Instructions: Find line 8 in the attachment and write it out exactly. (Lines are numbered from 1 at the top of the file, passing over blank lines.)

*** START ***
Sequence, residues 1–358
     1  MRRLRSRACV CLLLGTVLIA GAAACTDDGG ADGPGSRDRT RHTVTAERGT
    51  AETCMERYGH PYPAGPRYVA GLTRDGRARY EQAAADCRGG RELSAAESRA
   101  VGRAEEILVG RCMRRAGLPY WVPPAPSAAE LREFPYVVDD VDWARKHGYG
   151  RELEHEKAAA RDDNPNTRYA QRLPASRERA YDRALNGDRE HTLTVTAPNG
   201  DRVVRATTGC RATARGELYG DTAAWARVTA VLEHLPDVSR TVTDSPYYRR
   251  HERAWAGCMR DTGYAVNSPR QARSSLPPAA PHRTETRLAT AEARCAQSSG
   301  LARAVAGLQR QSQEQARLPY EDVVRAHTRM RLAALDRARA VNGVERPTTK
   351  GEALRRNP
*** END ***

   301  LARAVAGLQR QSQEQARLPY EDVVRAHTRM RLAALDRARA VNGVERPTTK